dv a dt

v v 0 at

v v 0 at

## 27. Motion with uniform/constant acceleration a

dsv

v0 a t

dt

s

t

so

0

ds

(

v

a

t

)

dt

0

1 2

s s0 v 0 t a t

2

## 28. Motion with uniform/constant acceleration a

v dv a dsv

s

v0

s0

v

d

v

a

ds

1 2 1 2

v v 0 ac ( s s 0 )

2

2

v v 2 a ( s s0 )

2

2

0

## 29. Summary

• Time dependent acceleration• Constant acceleration

s s (t )

v v0 a t

ds

v

dt

2

dv d s

a

2

dt dt

a ds v dv

1 2

s s0 v 0 t a t

2

v v 2 a ( s s0 )

2

2

0

## 30.

Example 3• A car moves in a straight line such that for a short time its

velocity is defined by v = (3t^2 + 2t) m/s, where t is in

seconds. Determine its position and acceleration when t =

3 s. (When t = 0, s = o).

When t = 3 s

s 3 3 36 m

3

2

a 6 * 3 2 20 m s

2

## 31. Chapter 2: Kinematics of a Particle: Topic # 2: Particle Motion along a Curved Path

## 32.

Cartesian (Rectangular) CoordinatesTo describe the plane motion of a particle, we use the

Cartesian (Rectangular) Coordinates (x-y).

Y

Path

x

P

r

y

Y

vP

vy

path

P

vx

X

Y

path

X

aP

Ay

P

Ax

X

## 33. 12Projectile Motion

• Projectile: any body that is given an initialvelocity and then follows a path determined by

the effects of gravitational acceleration and air

resistance.

• Trajectory – path followed by a projectile

## 34.

Cartesian Coordinates ofProjectile Motion

Max. Height

y

V0

g

V0 sin

o

V0 cos

x

B

Range

X

## 35.

Horizontal and vertical components of velocityare independent.

Vertical velocity decreases at a constant rate

due to the influence of gravity.

## 36.

Cartesian Coordinates ofProjectile Motion

• Assumptions:

(1) free-fall acceleration

(2) neglect air resistance

• Choosing the y direction as positive upward:

ax = 0;

ay = - g (a constant)

y

v0

• Take x0= y0 = 0 at t = 0

• Initial velocity v0 makes an

x

angle with the horizontal

v 0x v 0 cosθ

v 0y v 0sin θ

## 37. Horizontal Motion of Projectile

• Acceleration in X-direction: ax= 0• Integrate the acceleration yields:

( ) v x v 0 cosθ constant

• Integrate the velocity yields:

( ) x v 0 t cosθ

## 38. Vertical Motion of Projectile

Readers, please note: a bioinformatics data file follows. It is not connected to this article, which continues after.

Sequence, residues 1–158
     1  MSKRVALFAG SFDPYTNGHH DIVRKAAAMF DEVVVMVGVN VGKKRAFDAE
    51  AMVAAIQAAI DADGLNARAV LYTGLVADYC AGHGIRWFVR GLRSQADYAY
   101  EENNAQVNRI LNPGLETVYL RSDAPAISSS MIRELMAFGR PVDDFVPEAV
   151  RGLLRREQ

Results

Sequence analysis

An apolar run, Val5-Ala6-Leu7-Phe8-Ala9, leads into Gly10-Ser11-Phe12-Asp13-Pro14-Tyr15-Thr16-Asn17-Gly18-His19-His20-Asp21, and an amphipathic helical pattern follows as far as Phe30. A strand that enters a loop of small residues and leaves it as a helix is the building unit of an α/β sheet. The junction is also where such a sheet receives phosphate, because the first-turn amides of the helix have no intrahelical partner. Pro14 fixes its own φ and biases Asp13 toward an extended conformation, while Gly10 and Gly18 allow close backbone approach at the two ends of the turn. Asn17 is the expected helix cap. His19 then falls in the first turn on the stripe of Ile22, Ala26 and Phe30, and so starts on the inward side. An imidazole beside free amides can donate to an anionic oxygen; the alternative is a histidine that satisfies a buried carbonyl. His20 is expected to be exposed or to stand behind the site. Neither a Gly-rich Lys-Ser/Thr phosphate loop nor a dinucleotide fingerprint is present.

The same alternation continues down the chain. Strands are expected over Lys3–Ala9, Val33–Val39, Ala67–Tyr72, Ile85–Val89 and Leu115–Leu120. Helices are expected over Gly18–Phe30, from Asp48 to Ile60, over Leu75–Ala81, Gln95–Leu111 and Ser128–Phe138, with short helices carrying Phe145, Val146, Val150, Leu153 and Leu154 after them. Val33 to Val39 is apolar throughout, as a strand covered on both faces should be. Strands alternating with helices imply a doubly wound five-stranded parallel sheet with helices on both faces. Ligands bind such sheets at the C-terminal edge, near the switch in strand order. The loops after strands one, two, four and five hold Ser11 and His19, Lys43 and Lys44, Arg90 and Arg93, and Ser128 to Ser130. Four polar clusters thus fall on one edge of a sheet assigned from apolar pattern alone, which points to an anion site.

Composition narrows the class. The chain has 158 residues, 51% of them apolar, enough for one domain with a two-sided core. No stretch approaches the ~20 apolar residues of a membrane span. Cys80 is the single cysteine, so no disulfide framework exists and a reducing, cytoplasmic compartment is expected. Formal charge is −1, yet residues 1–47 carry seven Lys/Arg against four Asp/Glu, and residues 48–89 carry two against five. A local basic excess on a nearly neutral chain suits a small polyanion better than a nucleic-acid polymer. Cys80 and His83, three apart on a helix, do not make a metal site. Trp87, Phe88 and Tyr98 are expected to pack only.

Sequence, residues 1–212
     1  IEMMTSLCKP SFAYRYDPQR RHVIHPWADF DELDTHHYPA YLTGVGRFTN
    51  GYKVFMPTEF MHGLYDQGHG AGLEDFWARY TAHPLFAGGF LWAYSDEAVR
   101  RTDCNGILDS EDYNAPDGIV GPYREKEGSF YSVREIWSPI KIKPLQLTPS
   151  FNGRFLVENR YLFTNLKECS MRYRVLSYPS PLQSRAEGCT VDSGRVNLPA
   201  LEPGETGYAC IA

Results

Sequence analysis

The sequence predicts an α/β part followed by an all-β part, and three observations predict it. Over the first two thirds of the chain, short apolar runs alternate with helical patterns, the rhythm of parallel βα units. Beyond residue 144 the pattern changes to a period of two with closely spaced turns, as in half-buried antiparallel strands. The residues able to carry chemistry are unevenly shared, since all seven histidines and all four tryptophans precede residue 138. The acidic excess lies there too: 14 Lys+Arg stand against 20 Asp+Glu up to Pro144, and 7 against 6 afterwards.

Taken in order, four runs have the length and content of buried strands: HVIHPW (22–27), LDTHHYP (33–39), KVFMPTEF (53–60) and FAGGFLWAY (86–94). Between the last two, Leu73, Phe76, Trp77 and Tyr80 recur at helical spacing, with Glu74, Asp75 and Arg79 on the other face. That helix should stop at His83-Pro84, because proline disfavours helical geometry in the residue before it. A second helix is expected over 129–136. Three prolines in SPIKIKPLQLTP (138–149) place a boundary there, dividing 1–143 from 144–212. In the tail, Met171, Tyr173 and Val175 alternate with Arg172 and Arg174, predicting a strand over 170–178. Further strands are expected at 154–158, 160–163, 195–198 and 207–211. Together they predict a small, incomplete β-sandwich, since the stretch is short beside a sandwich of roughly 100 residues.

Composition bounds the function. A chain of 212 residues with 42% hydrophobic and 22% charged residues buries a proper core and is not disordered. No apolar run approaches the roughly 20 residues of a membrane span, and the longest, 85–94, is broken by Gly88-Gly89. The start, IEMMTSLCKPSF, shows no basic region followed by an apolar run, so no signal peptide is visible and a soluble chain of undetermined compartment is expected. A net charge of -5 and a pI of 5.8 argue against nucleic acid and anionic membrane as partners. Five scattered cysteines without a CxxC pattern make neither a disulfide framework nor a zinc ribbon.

• ay = ac= -g = -9.81 m/s2• Integrate the acceleration yields:

( ) v v0 ac t

( )

v y (v0 ) y gt

v y v 0 sinθ gt

• Integrate the velocity yields:

( )

gt 2

y v 0 t sinθ

2

## 39.

• ax = 0;ay = - g (a constant)

• Integration of these acceleration yields

v x v0 cosθ constant

v y v 0 sin θ g t

x v 0 t cosθ

(1)

y v 0 t sin θ g t /2

2

(2)

• Elimination of time t from Eqs. 1 & 2 yields

• Equation of the path of projectile

y x tan θ (g x sec θ / 2 v )

2

2

2

o

(3)

## 40.

Maximum Height of ProjectileMax. Height

y

V0

o

x

X

## 41.

Maximum Height of ProjectileAt the peak of its trajectory, vy = 0.

v y v 0y a t v o sin gt 0

v 0 sin

Time t1 to reach the peak t1

g

g

1 2

Substituting into: y v 0 sin t gt

2

v 0y

h y max

v 0sinθ 1 v 0 sinθ

g

v 0sinθ

g 2 g

v 0sinθ

2

h y max

g

1 v 0sinθ

2

g

2

2

## 42.

Maximum Height of Projectilev 0 sin

1 v 0 sin

2

g

2

h y max

h y max

2

g

(v o sin )

v sin v

2g

2g

2g

2

2

o

2

2

0y

v 0 sinθ

v 0 sinθ

x v 0x t v 0x

v 0 cosθ

g

g

2

v o sin 2θ

sin2θ

x

sinθ cosθ

2g

2

## 43.

Maximum Height of Projectile andthe corresponding time and X

h y max

v sin

2g

2

o

2

o

v sin 2θ

x

2g

v 0 sin

t1

g

2

## 44.

The Horizontal Range of Projectiley

V0

V0

o

Range OB

B

X

## 45.

The Horizontal Range of ProjectileThe range (OB) where y = 0.

1 2

y v 0 sin t gt

2

Time for the range OB

2 v 0 sin

tB

g

For the rang OB substitute into:

x v 0 t B cosθ

2

o

2v o

v

X OB v o cosθ

sinθ

2 sinθ cosθ

g

g

2

2

vo

vo

X OB

sin2(90 - θ)

sin2 θ

g

g

## 46.

The Horizontal Range of ProjectileFrom the Rang equation it is clear that an

angle of firing with the horizontal gives the

same range OB as an angle of firing (90 - )

with the horizontal or as an angle of with

vertical.

## 47.

Maximum Range OB* of Projectiley

V0

o

Range OB

B

Max. Range OB*

B*

X

## 48.

Maximum Range OB* of ProjectileTo calculate max. Range (OB*) and its angle

2

o

v

X OB

sin2(90 - θ)

g

sin2(90 - θ) 1 sin(2 )

θ 45

2

vo

OB

g

*

o

## 49.

Projection Angle• The optimal angle of projection is dependent

on the goal of the activity.

• For maximal height the optimal angle is 90o.

• For maximal horizontal distance the optimal

angle is 45o.

## 50.

Projection angle = 10 degrees10 degrees

## 51.

Projection angle = 45 degrees10 degrees

30 degrees

40 degrees

45 degrees

## 52.

Projection angle = 60 degrees10 degrees

30 degrees

40 degrees

45 degrees

60 degrees

80 degrees

## 53.

Projection angle = 75 degrees10 degrees

30 degrees

40 degrees

45 degrees

60 degrees

75 degrees

80 degrees

So angle that maximizes Range

( optimal) = 45 degrees

## 54.

Example: A ball traveling at 25 m/s drive off ofthe edge of a cliff 50 m high. Where do they

land?

25 m/s

Horizontally

x = x0 + (v0)x t

Initial Conditions

vx = 25

m/

s

vy0 = 0 m/s

a =- 9.8

m/ 2

s

Vertically

v = v0-gt

y = y0 + v0t + 1/2gt2 ….

t=0

v2 = v02 - 2g(y-y0)….

y0 = 0 m

x = 25 *3.19 = 79.8 m

-50 = 0+0+1/2(-9.8)t2 … t = 3.19 s

y =- 50 m

x0 =0 m

79.8 m